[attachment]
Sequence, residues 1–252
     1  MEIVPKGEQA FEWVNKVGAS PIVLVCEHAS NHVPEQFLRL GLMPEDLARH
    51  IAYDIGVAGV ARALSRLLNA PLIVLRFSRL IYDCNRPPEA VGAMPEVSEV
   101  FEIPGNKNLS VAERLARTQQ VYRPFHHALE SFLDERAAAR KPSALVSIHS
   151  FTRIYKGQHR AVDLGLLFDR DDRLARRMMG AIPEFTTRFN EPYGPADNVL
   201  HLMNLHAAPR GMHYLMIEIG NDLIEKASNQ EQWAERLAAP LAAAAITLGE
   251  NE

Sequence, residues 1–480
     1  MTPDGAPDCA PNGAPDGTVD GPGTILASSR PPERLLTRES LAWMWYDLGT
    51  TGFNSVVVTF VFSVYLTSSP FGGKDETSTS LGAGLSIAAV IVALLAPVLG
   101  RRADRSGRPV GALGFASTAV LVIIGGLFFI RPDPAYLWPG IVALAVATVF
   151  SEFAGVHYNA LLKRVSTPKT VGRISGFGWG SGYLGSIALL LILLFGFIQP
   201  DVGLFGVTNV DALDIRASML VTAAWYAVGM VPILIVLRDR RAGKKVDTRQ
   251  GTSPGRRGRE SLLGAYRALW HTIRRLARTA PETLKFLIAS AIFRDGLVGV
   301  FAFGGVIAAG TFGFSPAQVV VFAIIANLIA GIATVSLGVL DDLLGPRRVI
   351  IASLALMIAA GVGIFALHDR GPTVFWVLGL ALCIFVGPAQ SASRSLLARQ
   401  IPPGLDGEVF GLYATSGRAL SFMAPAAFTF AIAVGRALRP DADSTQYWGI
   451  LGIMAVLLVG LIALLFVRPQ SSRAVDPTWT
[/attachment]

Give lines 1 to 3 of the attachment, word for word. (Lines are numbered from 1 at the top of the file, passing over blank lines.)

Sequence, residues 1–252
     1  MEIVPKGEQA FEWVNKVGAS PIVLVCEHAS NHVPEQFLRL GLMPEDLARH
    51  IAYDIGVAGV ARALSRLLNA PLIVLRFSRL IYDCNRPPEA VGAMPEVSEV